Here's the story behind La Circassienne au Bain, an early 19th-century oil painting by French Salon master Merry-Joseph Blondel, which sank on the Titanic's fatal voyage in 1912.
Over 100 years since the sinking, the story of the Titanic continues to captivate the masses with its ambitious beginnings and tragic demise. When the ocean liner departed for its maiden voyage in 1912, it was the largest ship to ever take to the seas. Of the 1,300 passengers, about 319 passengers boarded in first class, a rolodex of European aristocracy and American millionaires, and with them came a host of treasures, from artwork to motorcars. But the most expensive carry-on item was brought abroad by the 29-year-old Swedish scion of a wood pulp fortune, Mauritz Håkan Björnström-Steffansson: the oil masterpiece La Circassienne au Bain by the French Neoclassical master Merry-Joseph Blondel.
The artist Merry-Joseph Blondel was born in Paris in 1871 and showed considerable talent in drawing from a young age. At the age of 22, his submission to the Salon at the Louvre, an oil painting titled Aeneas rescuing his father from Troy, won him the prestigious Prix de Rome, an award to study at the Villa Medici in Rome.
He studied in Rome for three years and upon his return to Paris, he submitted La Circassienne au Bain to the Salon in 1814, an oil painting depicting a nude Circassian woman as she steps into an elegant antiquarian bath, surrounded by dense foliage and fountains. Although critical reception was mixed at the time, audiences generally warmed to the work. In fact, a printed reproduction of the painting appeared in the French publication Almanach des Dames in 1823.
In Paris, Blondel received many commissions, including decorating Versailles, the Louvre, and Fontainebleau. His work adhered to the French Neoclassical style with elegant court portraits and grand historical and mythological scenes that paid attention to detail, lush colour, dynamic movement and idealised human anatomy. He had befriended Jean Auguste Dominique Ingres at the Villa Medici and in 1824, both of them were awarded the Légion d'Honneur by King Charles X. That year, he began teaching at the École de Beaux-Arts, a position he held for almost thirty years until his death in 1853.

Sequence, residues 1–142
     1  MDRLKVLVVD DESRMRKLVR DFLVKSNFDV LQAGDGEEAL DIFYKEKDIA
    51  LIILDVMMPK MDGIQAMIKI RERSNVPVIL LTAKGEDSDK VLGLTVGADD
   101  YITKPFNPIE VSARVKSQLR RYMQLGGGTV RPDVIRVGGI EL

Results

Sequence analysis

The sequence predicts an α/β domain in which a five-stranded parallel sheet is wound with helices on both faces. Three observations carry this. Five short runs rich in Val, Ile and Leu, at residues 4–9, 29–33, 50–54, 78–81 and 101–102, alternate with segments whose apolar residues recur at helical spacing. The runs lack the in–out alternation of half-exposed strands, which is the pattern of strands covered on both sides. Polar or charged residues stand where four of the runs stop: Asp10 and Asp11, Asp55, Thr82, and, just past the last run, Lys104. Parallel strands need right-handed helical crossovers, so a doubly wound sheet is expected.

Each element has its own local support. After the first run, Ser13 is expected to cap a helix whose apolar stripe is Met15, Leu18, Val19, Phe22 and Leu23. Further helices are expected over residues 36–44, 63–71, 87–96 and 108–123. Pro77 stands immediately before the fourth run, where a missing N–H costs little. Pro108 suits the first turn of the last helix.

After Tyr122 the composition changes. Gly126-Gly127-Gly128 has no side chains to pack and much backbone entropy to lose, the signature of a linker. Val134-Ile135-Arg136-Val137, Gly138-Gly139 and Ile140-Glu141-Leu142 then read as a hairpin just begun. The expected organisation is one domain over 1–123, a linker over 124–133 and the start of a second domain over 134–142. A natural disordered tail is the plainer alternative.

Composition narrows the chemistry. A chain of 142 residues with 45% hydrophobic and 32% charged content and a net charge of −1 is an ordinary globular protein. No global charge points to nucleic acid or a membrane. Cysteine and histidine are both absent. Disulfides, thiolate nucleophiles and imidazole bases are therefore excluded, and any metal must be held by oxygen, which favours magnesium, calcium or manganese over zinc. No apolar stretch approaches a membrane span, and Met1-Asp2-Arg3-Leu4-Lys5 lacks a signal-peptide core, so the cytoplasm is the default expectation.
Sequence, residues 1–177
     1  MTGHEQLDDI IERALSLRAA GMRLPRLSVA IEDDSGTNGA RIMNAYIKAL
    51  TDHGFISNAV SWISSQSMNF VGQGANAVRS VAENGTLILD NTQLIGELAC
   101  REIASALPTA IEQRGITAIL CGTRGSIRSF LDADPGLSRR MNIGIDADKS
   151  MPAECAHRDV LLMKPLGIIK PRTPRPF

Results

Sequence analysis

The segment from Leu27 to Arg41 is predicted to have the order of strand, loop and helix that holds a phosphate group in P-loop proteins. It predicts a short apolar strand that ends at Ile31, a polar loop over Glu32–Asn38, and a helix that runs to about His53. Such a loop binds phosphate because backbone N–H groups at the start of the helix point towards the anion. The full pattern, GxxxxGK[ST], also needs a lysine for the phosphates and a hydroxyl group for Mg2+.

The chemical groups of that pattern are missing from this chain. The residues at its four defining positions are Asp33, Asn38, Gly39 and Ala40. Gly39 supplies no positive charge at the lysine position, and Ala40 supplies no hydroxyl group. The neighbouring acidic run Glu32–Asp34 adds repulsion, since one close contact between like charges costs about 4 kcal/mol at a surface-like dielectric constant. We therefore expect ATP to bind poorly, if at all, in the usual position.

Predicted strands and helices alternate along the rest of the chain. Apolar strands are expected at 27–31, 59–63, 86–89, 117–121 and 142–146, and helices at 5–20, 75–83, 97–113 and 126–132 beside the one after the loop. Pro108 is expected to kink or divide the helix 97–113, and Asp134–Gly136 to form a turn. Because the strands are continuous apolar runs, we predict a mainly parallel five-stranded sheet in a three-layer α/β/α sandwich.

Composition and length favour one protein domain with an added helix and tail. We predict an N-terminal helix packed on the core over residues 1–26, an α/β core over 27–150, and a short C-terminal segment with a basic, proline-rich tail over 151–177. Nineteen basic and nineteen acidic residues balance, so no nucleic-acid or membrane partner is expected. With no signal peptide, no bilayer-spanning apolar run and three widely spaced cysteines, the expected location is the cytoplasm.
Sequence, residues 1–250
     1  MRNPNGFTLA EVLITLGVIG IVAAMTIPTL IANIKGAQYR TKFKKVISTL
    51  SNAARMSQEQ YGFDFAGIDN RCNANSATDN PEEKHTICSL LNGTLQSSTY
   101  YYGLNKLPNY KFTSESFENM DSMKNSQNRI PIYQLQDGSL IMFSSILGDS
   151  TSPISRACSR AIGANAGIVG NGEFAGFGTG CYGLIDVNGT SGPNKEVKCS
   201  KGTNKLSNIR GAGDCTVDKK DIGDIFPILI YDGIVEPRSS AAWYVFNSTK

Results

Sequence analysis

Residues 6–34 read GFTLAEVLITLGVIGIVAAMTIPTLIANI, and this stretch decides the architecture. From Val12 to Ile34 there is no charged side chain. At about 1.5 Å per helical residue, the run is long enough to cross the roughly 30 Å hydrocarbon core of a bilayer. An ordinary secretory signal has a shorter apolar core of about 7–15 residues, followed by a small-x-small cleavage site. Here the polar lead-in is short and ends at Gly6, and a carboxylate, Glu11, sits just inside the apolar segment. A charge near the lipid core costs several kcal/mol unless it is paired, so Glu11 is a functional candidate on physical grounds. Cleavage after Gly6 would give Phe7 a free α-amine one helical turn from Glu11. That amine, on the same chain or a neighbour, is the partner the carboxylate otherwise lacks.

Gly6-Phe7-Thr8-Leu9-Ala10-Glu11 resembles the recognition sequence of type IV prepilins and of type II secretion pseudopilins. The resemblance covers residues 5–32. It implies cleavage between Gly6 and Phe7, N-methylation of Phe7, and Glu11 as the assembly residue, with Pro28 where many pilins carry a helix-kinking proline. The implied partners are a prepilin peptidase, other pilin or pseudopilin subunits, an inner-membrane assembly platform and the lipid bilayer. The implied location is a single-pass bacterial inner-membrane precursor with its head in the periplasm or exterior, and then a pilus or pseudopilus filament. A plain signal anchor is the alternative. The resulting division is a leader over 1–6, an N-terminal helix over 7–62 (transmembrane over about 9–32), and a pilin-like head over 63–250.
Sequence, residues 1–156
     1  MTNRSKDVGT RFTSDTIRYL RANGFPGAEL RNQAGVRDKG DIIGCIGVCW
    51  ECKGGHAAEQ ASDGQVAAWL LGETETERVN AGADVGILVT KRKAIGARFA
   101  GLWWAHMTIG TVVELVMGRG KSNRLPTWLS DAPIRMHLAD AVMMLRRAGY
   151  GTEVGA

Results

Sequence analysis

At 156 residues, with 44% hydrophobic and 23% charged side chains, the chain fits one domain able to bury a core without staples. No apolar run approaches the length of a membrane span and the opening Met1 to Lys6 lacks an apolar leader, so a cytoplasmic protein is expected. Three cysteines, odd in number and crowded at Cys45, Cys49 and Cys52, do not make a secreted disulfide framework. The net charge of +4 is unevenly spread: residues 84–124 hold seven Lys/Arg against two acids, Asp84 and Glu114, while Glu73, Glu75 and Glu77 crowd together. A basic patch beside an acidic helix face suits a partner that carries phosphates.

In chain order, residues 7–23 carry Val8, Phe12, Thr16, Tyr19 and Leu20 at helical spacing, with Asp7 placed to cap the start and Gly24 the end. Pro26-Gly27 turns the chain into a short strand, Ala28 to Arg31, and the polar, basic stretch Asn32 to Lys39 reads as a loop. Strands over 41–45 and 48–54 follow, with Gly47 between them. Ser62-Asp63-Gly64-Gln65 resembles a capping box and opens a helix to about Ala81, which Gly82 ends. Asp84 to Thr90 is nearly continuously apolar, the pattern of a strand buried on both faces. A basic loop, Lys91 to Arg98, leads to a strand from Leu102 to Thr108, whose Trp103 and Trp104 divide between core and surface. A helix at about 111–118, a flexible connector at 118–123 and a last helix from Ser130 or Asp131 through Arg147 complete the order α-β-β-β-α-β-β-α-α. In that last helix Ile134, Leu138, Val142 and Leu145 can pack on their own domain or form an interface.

The provenance of La Circassienne au Bain is unknown, but a century later it was in the hands of Björnström-Steffansson, who brought it with him on his journey to the US, where the 29-year-old was to continue his chemical engineering degree in Washington, DC on a Swedish government scholarship.
On the Titanic, Björnström-Steffansson befriended Hugh Woolner and the two were in the first class smoking lounge when the ship hit the fated iceberg. The two assisted others into lifeboats and just as the ship was about to completely submerge, they jumped into one of the last lifeboats, Lifeboat D, before they were rescued by RMS Carpathia, which continued to the journey to New York.
Survivors heaped claims upon the White Star Line for loss of life and possessions. Björnström-Steffansson filed for $100,000 (over US$2.5 million today or $1.94 mil) for the lost painting, the single largest claim in the $6 million worth of claims (about $150 million today or £117 mil). However, White Star Line settled for just $664,000 (about US$17 million today or £13.2) so it is unlikely Björnström-Steffansson received the full amount.
Interest in the work has endured for the past century because of its loss in the world's most famous voyage and its high value. In 2013, a British artist using the pseudonym John Parker undertook extensive research to reproduce a copy of the work. The faithful reproduction was auctioned in 2016 by Plymouth Auction Rooms in England for about £2,700.
Although the Blondel work was considered the most valuable masterpiece aboard, other noteworthy works perished in the disaster, including a signed portrait of Italian nationalist Giuseppe Garibaldi and a bejewelled edition of the Rubaiyat, a Persian book of poetry dating to the 11th century.